FUNCTIONAL ECOLOGY DURING SECONDARY SUCCESSION IN TROPICAL FORESTS
RAN, L. H.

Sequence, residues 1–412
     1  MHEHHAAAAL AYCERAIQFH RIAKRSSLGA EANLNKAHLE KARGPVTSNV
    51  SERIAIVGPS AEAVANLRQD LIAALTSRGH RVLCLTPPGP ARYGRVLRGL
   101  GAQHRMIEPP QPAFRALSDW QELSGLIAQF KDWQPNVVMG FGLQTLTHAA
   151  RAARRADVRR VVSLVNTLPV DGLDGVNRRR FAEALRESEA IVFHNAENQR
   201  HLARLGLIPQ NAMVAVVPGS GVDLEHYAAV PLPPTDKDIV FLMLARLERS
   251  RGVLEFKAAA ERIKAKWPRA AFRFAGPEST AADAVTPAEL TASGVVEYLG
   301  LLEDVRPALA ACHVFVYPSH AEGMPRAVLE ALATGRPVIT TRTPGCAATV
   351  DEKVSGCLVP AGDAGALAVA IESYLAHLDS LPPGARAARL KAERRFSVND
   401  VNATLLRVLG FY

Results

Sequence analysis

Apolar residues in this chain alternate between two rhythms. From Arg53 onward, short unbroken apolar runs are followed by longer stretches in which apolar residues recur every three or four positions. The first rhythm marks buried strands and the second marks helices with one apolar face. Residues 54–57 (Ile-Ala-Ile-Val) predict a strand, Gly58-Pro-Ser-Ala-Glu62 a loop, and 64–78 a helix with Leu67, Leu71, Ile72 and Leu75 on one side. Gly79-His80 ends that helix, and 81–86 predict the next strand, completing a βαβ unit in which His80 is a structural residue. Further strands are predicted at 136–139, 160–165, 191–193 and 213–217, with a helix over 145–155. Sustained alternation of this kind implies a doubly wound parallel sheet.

This thesis examines the effects of plant functional groups and traits on the productivity and compositional dynamics of secondary succession in Panama and Singapore. In Panama, lianas reduce the stand biomass recovery and such an effect becomes more negative as succession progresses, while N2-fixing trees neither facilitate nor competitively reduce stand biomass recovery rates. In the wind-disturbed secondary forests in Singapore, functional compositions remain similar between affected and unaffected sites despite their taxonomic divergence, indicating that gap-colonising species are functionally similar to unaffected-site colonisers. Wood density, seed dry mass, and adult stature are traits that moderated tree recruitment along the wind-generated light, leaf litter depth, and soil phosphorus gradients. The “pioneer” population dynamics arise from higher photosynthetic capacity, shorter adult stature, and lighter seeds, transitioning to “long-lived pioneers” as species become taller in stature or heavier in seed mass, and then finally to the “late successional” with lower photosynthetic capacities.